Manchester City revealed they made an annual loss of £97.9 million ($157.9 million, 120.2 million euros) during their Premier League title-winning season.
While the figure would represent a massive problem for most clubs, it was actually a significant improvement for the big-spending Eastlands outfit, who lost £197.5 million 12 months ago.
City's turnover last season was £231.1 million, the highest in the club's history, and although the failure of Roberto Mancini's team to progress from the Champions League group stage for the last two years has had an impact on turnover, the club's Abu Dhabi-based owners are still happy with the financial performance.
And they are confident even the huge losses confirmed will not have an impact on their ability to meet UEFA's strict Financial Fair Play guidelines as £15 million comes from infrastructure and youth development costs.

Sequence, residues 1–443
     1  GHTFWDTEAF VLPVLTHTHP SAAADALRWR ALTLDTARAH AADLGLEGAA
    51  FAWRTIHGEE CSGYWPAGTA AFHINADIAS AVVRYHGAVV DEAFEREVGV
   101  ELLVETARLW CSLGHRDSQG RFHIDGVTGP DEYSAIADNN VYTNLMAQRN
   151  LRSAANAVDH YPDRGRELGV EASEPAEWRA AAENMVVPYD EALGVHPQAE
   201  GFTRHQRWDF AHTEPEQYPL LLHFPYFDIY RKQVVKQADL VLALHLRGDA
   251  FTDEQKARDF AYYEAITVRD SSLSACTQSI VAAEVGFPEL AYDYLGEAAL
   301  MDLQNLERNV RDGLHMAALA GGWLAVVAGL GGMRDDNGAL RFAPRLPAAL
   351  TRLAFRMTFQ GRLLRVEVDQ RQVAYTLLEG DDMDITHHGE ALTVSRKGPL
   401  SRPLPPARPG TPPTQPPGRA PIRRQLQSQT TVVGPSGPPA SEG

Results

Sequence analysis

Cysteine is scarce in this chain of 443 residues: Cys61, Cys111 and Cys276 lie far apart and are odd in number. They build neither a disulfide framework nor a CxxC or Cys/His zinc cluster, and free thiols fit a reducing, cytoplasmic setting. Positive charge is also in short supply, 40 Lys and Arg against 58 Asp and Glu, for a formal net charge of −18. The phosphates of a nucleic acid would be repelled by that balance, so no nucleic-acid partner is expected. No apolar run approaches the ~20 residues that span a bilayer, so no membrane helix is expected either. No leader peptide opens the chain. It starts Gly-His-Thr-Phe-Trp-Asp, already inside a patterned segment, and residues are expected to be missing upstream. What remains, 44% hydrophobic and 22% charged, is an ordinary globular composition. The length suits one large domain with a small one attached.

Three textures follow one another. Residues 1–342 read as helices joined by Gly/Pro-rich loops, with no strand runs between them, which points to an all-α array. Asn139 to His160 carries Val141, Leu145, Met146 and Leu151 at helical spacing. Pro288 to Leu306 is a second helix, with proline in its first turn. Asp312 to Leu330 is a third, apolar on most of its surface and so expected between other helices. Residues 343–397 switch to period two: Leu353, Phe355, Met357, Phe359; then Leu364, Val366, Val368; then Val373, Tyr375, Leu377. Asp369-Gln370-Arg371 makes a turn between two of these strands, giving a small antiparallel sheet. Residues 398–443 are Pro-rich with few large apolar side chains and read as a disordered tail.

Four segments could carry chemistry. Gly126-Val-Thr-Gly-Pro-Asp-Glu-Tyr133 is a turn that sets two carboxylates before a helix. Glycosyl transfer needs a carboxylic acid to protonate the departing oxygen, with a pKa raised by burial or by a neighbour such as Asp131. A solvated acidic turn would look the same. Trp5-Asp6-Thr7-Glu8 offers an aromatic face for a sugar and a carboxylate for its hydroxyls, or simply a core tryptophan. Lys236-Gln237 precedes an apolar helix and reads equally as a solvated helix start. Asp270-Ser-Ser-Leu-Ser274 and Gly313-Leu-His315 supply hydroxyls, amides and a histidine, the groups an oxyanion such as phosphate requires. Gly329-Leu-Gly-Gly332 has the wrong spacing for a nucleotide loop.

City owner Sheikh Mansour clearly still has to put in his own cash to make the club viable in the short-term however, as the annual statement also confirms the "capital base of the club has also been strengthened through the issuing of £169 million in new equity during the year, avoiding debt-based funding and continuing to ensure that the club is virtually debt free".
With plans for the state-of-the-art academy and training facility across the road from Eastlands now well advanced, club officials believe within the medium term that the club, who won the English title last season for the first time in 44 years, will be self-sustaining.
Chief executive Ferran Soriano said: "What I have found is a club on the verge of a historic transformation, reinforced by a genuine commitment to doing things well.
"It is a club with a rich history and the potential for an even brighter future."